Almost twenty years ago I was serving on one of the Operation Mobilisation missionary ships. During one month-long visit to a port I met a volunteer who later became my wife. We had a few conversations and it was obvious that there was a genuine and mutual interest. When I flew home from the ship my family wanted to know all about her. I told them what I could, of course, but actually I didn’t know that much.
If we fast forward two decades the story is different. After 17 years of marriage, 6 children, 5 homes, and lots of different shared experiences, I have more to say about her. If someone genuinely wants to hear about my wife now, I can share a lot. I can share facts, but I can also share what I appreciate about her character based on these years together. And I imagine that if God gives us another few decades together then I will have even more to spill should anyone ever ask.
That’s the reality of close relationship. Over time the amount we have to say multiplies.
Lately I have been pondering this on the spiritual level too. When we first respond to the Gospel we probably don’t know too much about Jesus. Maybe as a young Christian we know a few facts that form the skeleton of Jesus’ story: He is the Son of God who came to Earth; He taught, healed, died, rose and returned to His Father in heaven; He is there now and will come back again.
Essentially this basic skeleton of the Jesus story, with some variation, will be the basics known by beginners in the faith. These facts could be written on a piece of paper and stored in one of those tiny communion cups that some churches use. These facts are amazing, and for many of us our lives and our eternities were transformed by trusting Christ based on this level of knowledge, so we should absolutely worship God in light of this. Nevertheless, this is a very limited awareness of Christ the person.
Here is my point in this article, and one of my greatest concerns in life: I have sat through too many sermons and presentations where it feels like the preacher is drawing from not much more than a communion cup full of information about Christ. Sometimes it has been preachers who have preached for decades, but still seem to have very little to say about Christ Himself. Sometimes it has been ministry leaders who are significant in their own area of expertise, but still seem to have very little to say about Christ. This concerns me for them, and it concerns me for me.
If Christianity is about having a relationship with Christ, then it seems reasonable to expect that over time that relationship will result in an increased reservoir to draw from as we speak of the person we love. Years of communication and of shared experiences should significantly increase what we have to say about our spouse – both in a human marriage, and in our relationship with Christ.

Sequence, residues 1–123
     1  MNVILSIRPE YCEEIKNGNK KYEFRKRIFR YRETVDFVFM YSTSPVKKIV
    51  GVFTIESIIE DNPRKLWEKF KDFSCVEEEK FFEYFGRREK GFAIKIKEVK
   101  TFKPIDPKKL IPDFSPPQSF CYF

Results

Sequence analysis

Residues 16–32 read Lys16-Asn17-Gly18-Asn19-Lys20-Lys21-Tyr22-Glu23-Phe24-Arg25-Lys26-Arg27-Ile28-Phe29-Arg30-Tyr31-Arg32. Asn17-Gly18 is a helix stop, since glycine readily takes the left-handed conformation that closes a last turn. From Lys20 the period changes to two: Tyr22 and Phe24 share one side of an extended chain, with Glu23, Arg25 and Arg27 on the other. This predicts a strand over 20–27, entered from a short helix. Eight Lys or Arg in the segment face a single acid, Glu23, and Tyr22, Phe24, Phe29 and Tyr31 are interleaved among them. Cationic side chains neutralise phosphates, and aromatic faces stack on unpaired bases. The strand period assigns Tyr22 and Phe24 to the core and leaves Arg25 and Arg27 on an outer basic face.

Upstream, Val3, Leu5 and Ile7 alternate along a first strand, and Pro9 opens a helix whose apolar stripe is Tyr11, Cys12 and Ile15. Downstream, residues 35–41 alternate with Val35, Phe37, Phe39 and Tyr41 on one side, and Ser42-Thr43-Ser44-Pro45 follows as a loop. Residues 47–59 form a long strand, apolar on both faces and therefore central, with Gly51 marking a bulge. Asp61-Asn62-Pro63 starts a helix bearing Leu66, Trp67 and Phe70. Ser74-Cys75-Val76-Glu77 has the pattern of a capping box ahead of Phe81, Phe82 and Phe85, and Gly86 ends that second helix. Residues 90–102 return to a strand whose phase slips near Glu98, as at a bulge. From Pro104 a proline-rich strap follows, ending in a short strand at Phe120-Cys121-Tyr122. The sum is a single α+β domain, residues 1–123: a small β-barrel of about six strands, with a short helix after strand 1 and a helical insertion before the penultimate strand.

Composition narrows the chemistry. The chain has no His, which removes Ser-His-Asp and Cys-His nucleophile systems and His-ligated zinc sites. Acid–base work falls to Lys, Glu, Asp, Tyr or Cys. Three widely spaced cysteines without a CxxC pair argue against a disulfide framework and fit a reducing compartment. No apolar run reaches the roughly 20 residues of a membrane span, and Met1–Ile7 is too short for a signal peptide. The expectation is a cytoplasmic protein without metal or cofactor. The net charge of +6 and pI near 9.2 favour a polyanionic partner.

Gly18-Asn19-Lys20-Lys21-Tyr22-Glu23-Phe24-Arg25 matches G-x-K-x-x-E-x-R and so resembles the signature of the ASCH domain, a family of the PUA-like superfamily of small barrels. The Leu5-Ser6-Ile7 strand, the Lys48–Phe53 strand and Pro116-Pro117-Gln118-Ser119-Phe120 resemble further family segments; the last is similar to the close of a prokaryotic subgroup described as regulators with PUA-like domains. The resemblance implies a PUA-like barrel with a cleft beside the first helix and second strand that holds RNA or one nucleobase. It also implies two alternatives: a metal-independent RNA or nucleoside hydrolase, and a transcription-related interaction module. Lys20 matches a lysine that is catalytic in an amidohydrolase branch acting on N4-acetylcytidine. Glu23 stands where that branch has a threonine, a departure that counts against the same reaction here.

A while ago I was reading one of the Puritans and I was struck by how he could go on for page after page about the character of Christ. He was prompted by some detail in John 14-16 as Jesus cared for his disciples, but he obviously had pondered long over the character of Christ as revealed in the Gospel stories. Suddenly I was struck by how little so many preachers actually have to say about Christ the person. Surely as life progresses we should have more and more to share about Him?
Was it Spurgeon who asked, “Where are all the divines?” That is, where are the men and women who are so close to God that it really shows? If that was a concern in the 19th century, are things any better in the 21st century?
Here are a few quick thoughts that may provoke some prayerful pondering on this issue:
1. It is possible to take the benefits Christ offers us, but not realize that He genuinely wants a two-way relationship with us.
2. If we can talk long about a dear friend or spouse we have known for years, how much should this be true of us when we have walked with Christ for years?
3. Christian ministry will always be limited when our relationship with Christ is limited.
4. We will grow in our knowledge of Him as we communicate with Him over the years – years of reading the Bible, years of prayer.
5. We will grow in our knowledge of Him as we share life’s experiences together – praying our way through the exciting, the exhausting, the painful, and even the boring bits of life.
6. There is more to Jesus than just a set of facts: born in Bethlehem, raised in Nazareth, “son” of a carpenter, etc. We can know Him personally: His character, His values, His heart.
For me, one last thought reveals both a great fear, and a great thrill as I move forward in life:
7. Christ has, for all eternity, thrilled the infinite heart of His Father. What we can say about Christ should not be limited to what can fit in a communion cup. By the time the years have passed, surely we should have much much more to say of Him who is really more than an ocean full of wonder? My prayer is that we all will.
Could we with ink, the ocean fill,
And were the skies of parchment made,
Were every stalk on earth a quill,
And every man a scribe by trade,
To write the love of God above,
Would drain the oceans dry,
Nor could the scroll contain the whole,
Though stretched from sky to sky.
(The Love of God, by Frederick Lehmen)